We've all heard of the Rorschach test - you know, the one where you look at an ink blot and say what you see. The theory is that it's a tunnel into someone's subconscious thoughts or desires. If you're obsessed with hockey you might look at an ink splotch and see hockey sticks, or pucks, a Stanley Cup, or even Bobby Orr; if someone is obsessed with outer space, she could look at the same picture and see flying saucers or aliens.

These tests come to mind because lately, three dominant types of economic thought seem to analyze every data point and come to conclusions that always support their particular interpretation of the US economy.



One group is obsessed with President Trump's tariffs, thinking they are slowing the economy. They even search the internet and earnings calls to find mentions of "trade uncertainty" to prove their point. But uncertainty is one thing, data are quite another. Total US trade in goods and services (exports plus imports, combined) was $4.9 trillion in 2016. In the past twelve months, it's been $5.7 trillion, an increase of 16.3%. In other words, trade has grown faster than the overall economy.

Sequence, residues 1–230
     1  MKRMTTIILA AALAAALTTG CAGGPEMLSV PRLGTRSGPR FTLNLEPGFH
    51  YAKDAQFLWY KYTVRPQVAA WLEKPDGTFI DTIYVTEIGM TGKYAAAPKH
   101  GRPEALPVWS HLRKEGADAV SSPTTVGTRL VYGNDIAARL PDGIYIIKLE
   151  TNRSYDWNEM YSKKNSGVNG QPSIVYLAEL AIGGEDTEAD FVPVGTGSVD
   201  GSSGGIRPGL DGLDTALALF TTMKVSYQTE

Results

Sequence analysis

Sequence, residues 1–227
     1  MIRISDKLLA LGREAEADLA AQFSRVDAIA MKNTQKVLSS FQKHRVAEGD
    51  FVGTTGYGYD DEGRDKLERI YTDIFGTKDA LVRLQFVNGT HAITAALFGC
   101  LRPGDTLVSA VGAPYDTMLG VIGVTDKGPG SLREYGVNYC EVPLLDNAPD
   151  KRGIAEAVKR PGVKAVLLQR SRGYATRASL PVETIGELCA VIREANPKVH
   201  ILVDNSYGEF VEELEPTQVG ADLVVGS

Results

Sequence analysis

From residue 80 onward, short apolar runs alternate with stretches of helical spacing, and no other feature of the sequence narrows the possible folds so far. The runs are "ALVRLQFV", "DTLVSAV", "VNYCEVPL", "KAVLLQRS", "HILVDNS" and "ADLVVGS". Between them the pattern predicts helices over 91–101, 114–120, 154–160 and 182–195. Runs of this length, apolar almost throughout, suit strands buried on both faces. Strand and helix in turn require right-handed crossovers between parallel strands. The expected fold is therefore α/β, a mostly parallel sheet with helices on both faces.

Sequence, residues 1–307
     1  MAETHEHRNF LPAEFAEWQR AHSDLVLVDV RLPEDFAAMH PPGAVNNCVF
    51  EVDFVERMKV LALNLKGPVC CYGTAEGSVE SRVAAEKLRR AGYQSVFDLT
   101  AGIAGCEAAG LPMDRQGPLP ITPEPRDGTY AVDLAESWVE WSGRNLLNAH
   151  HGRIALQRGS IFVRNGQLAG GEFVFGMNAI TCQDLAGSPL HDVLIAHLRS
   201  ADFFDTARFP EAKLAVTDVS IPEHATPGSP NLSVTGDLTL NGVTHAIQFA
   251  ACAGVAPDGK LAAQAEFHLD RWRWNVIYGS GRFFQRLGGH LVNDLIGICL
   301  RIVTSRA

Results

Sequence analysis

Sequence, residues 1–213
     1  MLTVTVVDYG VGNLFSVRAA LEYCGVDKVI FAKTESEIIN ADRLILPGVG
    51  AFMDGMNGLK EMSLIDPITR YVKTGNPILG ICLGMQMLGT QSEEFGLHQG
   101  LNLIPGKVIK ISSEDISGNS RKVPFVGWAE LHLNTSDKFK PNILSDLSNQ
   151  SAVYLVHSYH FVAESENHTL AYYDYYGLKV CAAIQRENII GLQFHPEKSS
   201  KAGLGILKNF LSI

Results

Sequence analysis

Yes, we know trade tensions with China are real and important for some companies. And yes, we look forward to the US reaching an agreement with China. But the Middle Kingdom is not the be-all end-all when it comes to world trade. Supply chains are moving - trade is dynamic - which is why the costs to the US economy have been far less than static analysis predicted.

So far this year, US imports from China are down 12.3% from the same period in 2018, but imports from Vietnam are up 33.2%, and they are up 20.2% from Taiwan, 9.8% from South Korea, 9.7% from India, and 6.3% from Mexico. Meanwhile, we're confident that Congress will pass the new version of NAFTA by early 2020, facilitating stronger trade ties with Canada and Mexico. Trade is moving forward, not dying.

The second major thought group consists of those who oppose the president's policies in general and are looking for any way they can to discredit the tax cuts and deregulation. They love to focus on supposedly weak business investment, which they say signals the ineffectiveness of the president's policies.